Cameroon’s socioeconomic framework

Toward a healthy, productive economy

Cameroon’s economy relies principally on its primary sector, which accounts for 42% of the GDP. The main sources of revenue are agriculture, livestock and fishing, forestry, mining and industry.

The devaluation of the CFA franc in January 1994 boosted the competitiveness of the agricultural sector, leading to renewed economic growth for the country.

Thus, from 2005 to 2009, real GDP rose roughly 4.5% (4.2% in 2004) and the rate of inflation was kept to about 1% per year. Budgetary revenue for the first five months of fiscal 2005 rose to 629 billion CFA francs, compared to 519 billion in 2004.

Meanwhile, tighter control of public expenditures, along with greater generation of revenue—from oil and especially non-oil sources (tax revenue, notably)—led to an improvement in the budget balance.

The war on corruption and poverty is one of the government’s priorities. A multipronged approach has been adopted for eradicating this hindrance to the nation’s economic prosperity.

In 1998, an ad hoc committee for fighting corruption saw the light. In September 2000, the National Anti-Corruption Observatory was created to further this objective. Together, these bodies are gradually weeding out corruption throughout the country and their work has already led to the imprisonment of several criminals.

In addition, a number of anticorruption units have been integrated into public administrations and agencies.


In addition to its geographic location and a thriving culture of entrepreneurship, Cameroon’s economy also boasts numerous agricultural (bananas, cocoa, coffee, cotton, foodstuffs, etc.), forest, mining and industrial resources.

Agriculture, the foundation of the Cameroonian economy

A key sector, the country’s rich and diversified agricultural sector employs 70% of the active population and accounts for 42% of Cameroon’s GDP. The sector features a blend of traditional and cash crops. The main cash crops are cocoa, coffee, cotton, bananas, rubber, potatoes and pepper. Other crops, such as peanuts, plantains, and potatoes are produced essentially for the consumption of households. Renewed and more intense agronomic research has been undertaken with an eye toward improving productivity.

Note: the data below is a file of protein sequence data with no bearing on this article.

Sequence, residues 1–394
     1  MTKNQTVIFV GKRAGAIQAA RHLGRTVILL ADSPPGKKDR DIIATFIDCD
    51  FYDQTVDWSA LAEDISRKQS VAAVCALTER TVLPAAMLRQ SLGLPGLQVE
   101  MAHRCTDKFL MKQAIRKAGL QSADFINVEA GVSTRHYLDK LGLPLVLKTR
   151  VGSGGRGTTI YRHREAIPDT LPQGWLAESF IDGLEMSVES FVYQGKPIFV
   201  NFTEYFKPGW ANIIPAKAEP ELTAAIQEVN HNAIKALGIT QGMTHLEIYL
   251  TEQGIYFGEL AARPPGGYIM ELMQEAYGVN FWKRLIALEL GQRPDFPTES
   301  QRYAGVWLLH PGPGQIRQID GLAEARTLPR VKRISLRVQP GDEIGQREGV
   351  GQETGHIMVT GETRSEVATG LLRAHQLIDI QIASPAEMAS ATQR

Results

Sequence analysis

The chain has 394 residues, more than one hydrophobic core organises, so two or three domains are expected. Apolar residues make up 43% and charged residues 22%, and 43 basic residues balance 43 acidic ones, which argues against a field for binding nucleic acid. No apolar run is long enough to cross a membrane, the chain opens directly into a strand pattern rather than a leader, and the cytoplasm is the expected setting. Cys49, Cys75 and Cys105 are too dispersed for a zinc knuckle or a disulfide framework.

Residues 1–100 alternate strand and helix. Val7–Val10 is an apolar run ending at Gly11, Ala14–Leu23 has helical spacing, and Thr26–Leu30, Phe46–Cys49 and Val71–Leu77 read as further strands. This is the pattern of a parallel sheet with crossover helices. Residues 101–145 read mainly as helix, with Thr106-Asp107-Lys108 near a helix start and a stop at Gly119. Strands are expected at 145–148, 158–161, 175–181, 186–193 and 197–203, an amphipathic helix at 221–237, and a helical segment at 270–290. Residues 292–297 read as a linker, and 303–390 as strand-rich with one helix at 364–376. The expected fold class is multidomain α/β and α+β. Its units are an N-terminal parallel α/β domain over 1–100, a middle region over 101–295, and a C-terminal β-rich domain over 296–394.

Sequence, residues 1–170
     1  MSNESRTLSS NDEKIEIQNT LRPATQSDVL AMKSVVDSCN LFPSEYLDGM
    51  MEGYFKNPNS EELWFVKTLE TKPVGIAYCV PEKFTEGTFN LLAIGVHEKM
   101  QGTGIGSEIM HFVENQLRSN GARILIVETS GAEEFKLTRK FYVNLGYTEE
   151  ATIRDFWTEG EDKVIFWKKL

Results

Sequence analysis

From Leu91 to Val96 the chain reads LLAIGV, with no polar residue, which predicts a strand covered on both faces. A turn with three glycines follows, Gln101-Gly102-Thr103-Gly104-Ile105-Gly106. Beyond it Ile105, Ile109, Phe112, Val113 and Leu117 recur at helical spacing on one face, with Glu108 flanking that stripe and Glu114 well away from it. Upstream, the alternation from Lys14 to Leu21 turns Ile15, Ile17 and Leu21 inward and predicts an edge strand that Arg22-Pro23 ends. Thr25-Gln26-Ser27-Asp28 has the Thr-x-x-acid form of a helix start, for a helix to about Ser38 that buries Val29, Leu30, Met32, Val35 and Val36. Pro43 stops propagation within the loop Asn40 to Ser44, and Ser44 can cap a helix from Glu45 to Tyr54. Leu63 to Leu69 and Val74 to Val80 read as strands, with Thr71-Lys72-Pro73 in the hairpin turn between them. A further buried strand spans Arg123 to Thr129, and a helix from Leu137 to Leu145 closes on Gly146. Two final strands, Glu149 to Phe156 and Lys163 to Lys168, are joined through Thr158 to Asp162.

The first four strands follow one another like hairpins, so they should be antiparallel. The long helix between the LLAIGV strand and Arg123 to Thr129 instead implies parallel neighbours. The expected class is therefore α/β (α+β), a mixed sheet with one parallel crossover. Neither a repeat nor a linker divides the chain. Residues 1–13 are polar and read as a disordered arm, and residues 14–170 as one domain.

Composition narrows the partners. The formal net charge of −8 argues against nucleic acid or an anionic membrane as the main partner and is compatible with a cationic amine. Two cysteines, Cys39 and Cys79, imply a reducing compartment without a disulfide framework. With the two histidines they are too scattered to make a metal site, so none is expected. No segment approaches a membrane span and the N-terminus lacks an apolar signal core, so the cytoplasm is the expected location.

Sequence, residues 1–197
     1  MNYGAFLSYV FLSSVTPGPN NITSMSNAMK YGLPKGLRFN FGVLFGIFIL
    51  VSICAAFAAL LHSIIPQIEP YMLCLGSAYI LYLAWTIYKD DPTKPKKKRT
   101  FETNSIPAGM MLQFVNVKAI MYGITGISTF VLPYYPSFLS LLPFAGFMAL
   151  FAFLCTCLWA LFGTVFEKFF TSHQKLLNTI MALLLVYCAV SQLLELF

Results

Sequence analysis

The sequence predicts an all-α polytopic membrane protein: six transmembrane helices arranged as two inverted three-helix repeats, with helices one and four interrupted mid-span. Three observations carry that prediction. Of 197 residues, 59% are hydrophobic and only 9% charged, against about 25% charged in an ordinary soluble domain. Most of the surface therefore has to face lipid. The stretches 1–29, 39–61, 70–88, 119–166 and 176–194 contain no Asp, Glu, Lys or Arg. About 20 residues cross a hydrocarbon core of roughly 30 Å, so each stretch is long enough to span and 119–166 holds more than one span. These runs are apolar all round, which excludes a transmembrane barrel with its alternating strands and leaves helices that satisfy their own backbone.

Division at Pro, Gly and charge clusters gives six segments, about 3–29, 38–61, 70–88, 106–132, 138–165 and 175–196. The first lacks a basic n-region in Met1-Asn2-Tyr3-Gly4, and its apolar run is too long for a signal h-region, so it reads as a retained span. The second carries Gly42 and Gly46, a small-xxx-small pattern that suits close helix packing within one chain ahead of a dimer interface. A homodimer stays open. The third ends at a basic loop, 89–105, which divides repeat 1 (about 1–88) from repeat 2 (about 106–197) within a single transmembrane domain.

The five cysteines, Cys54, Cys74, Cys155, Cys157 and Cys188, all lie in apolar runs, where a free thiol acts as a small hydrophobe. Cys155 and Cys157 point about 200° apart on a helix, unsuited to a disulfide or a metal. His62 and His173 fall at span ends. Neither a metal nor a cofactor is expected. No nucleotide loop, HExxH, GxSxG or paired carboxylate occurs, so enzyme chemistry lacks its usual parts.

With its 20 million hectares, Cameroon possesses Africa’s second-largest forest after the Democratic Republic of Congo. A regulatory framework has been introduced in order to curb pell-mell logging operations and to promote local processing.


Prior to the crisis of the mid-1980s, the mining sector was the engine of the Cameroonian economy. The country still holds beneath its soil some 100 million tons of oil reserves and 115 billion cubic metres of natural gas. Research into hydrocarbons is ongoing.
Other reserves to be exploited include 1.2 billion tons of bauxite, 300 million tons of iron, 3 million of rutile, as well as deposits of tin, limestone and uranium.

Tertiary sector

A renewal of investment, private and public alike, and the rise of consumer purchasing power have strengthened the tertiary sector: crafts, business, transportation and telecommunications have all benefited. This is the case particularly as regards the informal sector, which employs a large proportion of the active population, especially in urban areas.

Industry, a lever for growth

The industrial sector has evolved over the years into a proven lever for growth. Agro-industry is experiencing a boom and still holds much untapped potential in a number of applications. Other processing industries, such as the production of aluminum and cotton products as well as oil refining, are in a growth phase.

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